A childhood friend was in his mid-40s when he finally married and sired two kids.
“That’s the way to go,” he said. “By the time they’re old enough to be embarrassed by me, I’ll be dead.”
Our two girls know what it’s like to cringe when Dad says something he should not say, does something he should not do, or wears something he should not wear. I think it builds character.
• One time, Ruthie was riding with me in my ancient Ford truck, a blend of rattles, rust, exhaust fumes and peeling white paint. I was gabbing away when I noticed that she had slid down in the seat … way down, with her head below the window. Twelve-year-old girls can be so sensitive …
• In Liverpool, she was even more aghast when I spotted a pint beer glass on the sidewalk, picked it up, and put it in my backpack. “What are you doing? Put that back!” she said. Well, the glass had come from the Philharmonic, a Victorian bar frequented by John Lennon when he attended the art school across the street. When someone asked him what he missed about Liverpool, he allegedly said, “A quiet pint at the Phil.” I didn’t put it back, of course. That glass has class.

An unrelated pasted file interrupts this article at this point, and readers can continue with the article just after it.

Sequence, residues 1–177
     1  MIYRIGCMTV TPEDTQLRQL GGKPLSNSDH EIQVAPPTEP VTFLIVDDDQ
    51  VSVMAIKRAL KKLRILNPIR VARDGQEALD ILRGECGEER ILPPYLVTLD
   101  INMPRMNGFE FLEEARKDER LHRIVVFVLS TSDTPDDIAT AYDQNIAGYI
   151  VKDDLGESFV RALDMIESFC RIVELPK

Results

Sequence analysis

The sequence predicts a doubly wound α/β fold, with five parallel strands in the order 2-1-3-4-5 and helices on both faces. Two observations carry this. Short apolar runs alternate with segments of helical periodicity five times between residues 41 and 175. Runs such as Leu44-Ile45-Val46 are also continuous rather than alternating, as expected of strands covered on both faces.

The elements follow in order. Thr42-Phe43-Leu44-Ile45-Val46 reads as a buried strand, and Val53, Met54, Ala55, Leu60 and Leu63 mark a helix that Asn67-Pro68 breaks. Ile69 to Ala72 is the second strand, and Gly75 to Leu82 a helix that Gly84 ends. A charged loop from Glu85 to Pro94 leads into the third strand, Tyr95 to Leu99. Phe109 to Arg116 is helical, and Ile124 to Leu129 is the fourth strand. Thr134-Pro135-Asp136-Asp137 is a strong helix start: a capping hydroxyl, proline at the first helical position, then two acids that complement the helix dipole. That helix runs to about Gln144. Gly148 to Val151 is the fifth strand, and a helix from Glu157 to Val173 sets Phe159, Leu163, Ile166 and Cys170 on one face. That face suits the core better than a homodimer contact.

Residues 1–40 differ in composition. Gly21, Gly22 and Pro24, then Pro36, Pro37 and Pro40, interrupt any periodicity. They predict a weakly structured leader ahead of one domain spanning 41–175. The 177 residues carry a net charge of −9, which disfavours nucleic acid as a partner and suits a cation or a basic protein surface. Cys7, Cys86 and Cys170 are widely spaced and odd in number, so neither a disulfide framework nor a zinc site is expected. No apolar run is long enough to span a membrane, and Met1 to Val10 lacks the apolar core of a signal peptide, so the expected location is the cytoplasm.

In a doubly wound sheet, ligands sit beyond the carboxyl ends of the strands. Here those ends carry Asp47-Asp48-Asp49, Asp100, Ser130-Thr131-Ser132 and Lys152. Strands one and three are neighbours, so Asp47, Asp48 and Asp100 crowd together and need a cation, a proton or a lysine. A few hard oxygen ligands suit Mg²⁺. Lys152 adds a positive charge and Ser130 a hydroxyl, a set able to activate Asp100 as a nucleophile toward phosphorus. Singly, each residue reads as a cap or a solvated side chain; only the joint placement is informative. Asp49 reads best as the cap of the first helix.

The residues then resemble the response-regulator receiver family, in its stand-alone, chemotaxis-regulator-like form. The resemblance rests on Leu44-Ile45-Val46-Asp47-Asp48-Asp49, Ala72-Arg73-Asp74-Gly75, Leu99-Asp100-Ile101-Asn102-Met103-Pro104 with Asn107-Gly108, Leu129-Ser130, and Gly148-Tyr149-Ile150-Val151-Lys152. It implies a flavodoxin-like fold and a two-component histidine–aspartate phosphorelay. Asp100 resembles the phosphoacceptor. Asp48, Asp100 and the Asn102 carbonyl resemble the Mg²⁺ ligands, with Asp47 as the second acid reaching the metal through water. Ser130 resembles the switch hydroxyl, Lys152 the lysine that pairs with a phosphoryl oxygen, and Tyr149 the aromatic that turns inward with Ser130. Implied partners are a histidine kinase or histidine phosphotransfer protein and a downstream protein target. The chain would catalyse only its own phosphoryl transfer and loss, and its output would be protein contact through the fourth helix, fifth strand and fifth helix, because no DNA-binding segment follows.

• Another old friend used to make little motorcycles out of old bicycles and lawnmower engines. One time, daughter Elizabeth needed a ride to school, so I offered to ferry her there on the back of my motorcycle. She immediately indicated that she would rather be burned alive, crawl on her hands and knees, or just quit school. “That’s not even a motorcycle,” she said with contempt. “That’s just some junky old bicycle with a motor stuck on it.” Ouch!